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for (Event e : pq)

doesn't iterate in the priority order.

  Event e = pq.poll();

This works but empties the queue.

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How does that empty the queue? peek() doesn't remove elements. –  Andrew Marshall Nov 14 '11 at 22:31
peek() shouldnt remove the object –  Hunter McMillen Nov 14 '11 at 22:31
peek() continues on returning the head though –  simpatico Nov 14 '11 at 22:34
The logic in your while loop does not make sense. isEmpty is not like hasNext. –  Bhesh Gurung Nov 14 '11 at 22:34

5 Answers 5

up vote 13 down vote accepted

From the Javadocs:

The Iterator provided in method iterator() is not guaranteed to traverse the elements of the PriorityQueue in any particular order. If you need ordered traversal, consider using Arrays.sort(pq.toArray()).

There are probably other equivalent mechanisms.

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You can't traverse a priority queue in that order because of the underlying implementation (I think it's min-heap in Java). It's not a sorted array so that you can just go from one element to the one with the lesser priority. Peeking is constant time because it looks at the smallest element. To get the next one (in O(log n) time) you must dequeue the smallest element, that's how it works. Dequeing isn't just a matter of taking that element out, the underlying structure rearranges itself in order to bring the element with the least priority first.

Also, to go through the entire priority queue is an O(n log(n)) operation. So you may as well just grab all the elements in the queue and sort them (also O(n log (n)) )and then you can go through them as you wish. The only disadvantage is that you're holding an extra-copy of the queue.

Nonetheless, if you need to traverse the data in this way a priority queue may not be the right data structure for your needs.

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A heap based priority queue only guarantees that the first element is the highest/lowest. There is no cheap (i.e. O(n)) way to get the elements in sorted form.

If you need to do this often, consider using a structure that maintains the elements in sorted form. For example, use java.util.TreeSet, and use either pollFirst() or pollLast() in place of peek() / poll()

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The peek() method does not remove anything from the queue, but because of this, it will continually get the top value until it IS empty. I'm guessing you checked if it was empty after your while loop, which would give you this conclusion.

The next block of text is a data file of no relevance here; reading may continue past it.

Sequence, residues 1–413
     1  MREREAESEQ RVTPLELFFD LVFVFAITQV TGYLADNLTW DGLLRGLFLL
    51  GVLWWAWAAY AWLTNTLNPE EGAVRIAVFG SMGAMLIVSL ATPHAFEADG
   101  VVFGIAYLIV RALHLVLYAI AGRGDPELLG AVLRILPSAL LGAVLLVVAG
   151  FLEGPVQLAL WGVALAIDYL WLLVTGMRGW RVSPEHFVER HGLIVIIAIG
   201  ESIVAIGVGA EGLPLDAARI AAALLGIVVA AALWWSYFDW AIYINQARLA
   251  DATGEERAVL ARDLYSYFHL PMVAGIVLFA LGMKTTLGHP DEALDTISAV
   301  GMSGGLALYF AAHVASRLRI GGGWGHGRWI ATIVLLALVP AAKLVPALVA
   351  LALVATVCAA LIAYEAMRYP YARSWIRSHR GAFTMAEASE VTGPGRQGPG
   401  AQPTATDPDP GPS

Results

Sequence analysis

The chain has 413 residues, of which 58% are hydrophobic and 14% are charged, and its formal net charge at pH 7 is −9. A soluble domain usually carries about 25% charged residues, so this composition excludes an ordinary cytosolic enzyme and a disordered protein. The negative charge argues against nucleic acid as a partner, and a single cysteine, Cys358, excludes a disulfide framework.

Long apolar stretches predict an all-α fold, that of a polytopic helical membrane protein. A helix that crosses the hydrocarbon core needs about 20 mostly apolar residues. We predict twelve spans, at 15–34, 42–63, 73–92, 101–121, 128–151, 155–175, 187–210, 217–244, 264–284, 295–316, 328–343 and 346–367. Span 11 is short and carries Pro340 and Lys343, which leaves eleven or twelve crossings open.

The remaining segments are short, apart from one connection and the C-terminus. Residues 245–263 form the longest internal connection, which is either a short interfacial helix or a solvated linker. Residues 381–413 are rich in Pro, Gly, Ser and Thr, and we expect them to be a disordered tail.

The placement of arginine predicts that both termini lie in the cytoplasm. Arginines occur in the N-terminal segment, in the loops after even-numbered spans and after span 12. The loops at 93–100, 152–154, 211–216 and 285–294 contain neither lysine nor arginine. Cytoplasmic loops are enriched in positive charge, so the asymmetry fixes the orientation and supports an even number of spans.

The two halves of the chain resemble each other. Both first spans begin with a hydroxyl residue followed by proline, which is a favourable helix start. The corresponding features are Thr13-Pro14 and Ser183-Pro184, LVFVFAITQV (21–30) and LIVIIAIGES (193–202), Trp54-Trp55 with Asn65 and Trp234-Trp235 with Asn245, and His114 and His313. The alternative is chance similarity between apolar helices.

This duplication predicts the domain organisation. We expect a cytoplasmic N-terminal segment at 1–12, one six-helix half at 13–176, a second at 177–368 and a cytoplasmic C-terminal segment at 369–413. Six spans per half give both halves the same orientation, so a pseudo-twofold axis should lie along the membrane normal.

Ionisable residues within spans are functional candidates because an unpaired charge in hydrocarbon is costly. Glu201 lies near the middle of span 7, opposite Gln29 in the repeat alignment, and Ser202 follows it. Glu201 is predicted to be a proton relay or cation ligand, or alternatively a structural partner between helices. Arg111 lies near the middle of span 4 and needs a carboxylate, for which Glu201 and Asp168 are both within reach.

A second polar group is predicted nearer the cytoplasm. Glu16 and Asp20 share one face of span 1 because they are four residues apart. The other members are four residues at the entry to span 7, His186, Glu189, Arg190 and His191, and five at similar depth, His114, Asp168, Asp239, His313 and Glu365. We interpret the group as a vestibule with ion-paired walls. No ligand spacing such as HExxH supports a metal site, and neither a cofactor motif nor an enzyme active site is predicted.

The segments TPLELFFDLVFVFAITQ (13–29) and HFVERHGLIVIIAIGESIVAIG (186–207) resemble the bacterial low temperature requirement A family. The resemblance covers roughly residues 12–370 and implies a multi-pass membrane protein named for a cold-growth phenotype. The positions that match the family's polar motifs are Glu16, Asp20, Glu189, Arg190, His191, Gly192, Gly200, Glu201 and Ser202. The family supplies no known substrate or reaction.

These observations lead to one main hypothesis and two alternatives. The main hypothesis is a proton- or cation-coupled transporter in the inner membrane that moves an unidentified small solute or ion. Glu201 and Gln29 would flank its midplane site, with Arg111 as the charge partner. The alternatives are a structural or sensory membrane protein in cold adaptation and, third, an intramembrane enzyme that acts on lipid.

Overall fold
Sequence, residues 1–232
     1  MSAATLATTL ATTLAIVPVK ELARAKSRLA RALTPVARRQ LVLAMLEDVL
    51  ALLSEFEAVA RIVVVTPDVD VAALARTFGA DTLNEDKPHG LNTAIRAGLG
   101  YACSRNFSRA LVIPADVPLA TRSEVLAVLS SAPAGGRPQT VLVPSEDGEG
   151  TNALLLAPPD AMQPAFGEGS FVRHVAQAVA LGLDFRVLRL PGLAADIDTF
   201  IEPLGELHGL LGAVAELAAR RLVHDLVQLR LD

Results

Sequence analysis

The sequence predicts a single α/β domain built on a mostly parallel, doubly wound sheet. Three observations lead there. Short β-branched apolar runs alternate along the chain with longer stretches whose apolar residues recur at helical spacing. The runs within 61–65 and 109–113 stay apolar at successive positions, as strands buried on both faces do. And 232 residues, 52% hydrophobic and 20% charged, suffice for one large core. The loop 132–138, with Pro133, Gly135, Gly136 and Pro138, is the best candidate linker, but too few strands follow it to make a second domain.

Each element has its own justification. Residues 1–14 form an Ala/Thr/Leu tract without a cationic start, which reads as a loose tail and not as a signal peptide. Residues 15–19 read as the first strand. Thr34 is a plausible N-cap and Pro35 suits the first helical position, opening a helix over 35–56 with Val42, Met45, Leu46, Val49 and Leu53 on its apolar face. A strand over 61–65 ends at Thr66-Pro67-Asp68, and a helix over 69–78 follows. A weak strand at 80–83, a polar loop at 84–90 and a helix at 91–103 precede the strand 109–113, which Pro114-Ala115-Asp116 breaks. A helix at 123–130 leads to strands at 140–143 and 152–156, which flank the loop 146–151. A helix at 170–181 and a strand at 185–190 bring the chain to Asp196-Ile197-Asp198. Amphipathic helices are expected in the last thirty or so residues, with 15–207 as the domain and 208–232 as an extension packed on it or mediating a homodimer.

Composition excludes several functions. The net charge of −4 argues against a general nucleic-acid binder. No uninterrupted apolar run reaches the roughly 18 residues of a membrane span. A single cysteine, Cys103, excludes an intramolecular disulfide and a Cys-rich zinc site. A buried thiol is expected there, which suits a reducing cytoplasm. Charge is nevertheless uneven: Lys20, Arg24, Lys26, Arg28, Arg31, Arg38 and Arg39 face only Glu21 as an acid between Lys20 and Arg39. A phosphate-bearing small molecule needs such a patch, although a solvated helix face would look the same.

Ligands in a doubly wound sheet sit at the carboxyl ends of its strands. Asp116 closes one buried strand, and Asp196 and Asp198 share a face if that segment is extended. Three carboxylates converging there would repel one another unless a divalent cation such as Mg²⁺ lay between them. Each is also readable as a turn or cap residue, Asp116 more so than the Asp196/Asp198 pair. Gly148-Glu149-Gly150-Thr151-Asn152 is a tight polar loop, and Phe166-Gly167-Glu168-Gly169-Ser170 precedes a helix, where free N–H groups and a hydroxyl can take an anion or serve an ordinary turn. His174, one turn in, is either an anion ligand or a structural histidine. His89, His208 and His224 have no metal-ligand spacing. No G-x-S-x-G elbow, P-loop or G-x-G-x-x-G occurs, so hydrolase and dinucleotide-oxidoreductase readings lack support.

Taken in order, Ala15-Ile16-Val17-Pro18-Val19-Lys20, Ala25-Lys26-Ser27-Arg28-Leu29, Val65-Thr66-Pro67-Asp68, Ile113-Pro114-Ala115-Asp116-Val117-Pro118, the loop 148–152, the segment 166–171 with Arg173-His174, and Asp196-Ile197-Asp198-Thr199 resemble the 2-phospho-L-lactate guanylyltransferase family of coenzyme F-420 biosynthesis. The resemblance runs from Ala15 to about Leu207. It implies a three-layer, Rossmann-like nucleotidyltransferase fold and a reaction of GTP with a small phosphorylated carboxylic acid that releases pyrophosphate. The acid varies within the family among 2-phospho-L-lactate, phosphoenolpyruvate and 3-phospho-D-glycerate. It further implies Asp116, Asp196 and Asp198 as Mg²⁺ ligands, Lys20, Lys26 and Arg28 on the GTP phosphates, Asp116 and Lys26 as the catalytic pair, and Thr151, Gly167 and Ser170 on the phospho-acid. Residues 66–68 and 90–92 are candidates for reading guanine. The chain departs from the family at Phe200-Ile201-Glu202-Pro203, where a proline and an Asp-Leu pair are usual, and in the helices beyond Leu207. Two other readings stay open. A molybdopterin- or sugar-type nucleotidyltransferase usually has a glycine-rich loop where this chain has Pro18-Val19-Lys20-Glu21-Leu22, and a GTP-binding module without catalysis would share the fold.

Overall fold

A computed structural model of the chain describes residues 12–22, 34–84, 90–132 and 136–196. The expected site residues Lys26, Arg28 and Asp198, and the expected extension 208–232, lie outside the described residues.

The only way to do this is to sort it yourself. You can get the original comparator for it like this:

Event[] events = Arrays.sort(pq.toArray(), pq.comparator());
for (Event e : events) {
    // do stuff
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This is the same as the OP's original example. –  Oliver Charlesworth Nov 14 '11 at 22:32
+1 for showing a full example –  Webnet May 17 '13 at 21:44
I've since learned that this example isn't the best route. Using a comparator, one does not need to convert the queue to an array. for (Event e : pq) { should do the job. –  Webnet May 23 '13 at 19:19
Does Arrays.sort return thing? I think it returns void. I got error: Found void, expect ..... –  hakunami Jan 29 at 2:25
It's certainly not the only way. He could create another PQ for example. –  EJP Apr 2 at 22:26

Recently, I had same problem. I wanted to use some particular object from the priority queue and then keep remaining elements preserved.

1) I created a newPriorityQueue. 2) Used Iterator to parse every element in oldQueue 3) used oldQueue.poll() method to retrieve the element 4) insert the element 3) to newPriorityQueue if not used.

 Queue<String> newQueue = new PriorityQueue<String>(); 
    // Assuming that oldQueue have some data in it.

    Iterator<String> itr = oldQueue.iterator();
        String str = oldQueue.poll();
        // do some processing with str

In the end, oldQueue will be empty. @ Others : - please suggest a better way if I can do the same thing. I can not use the iterator as it does not return elements in the correct order.

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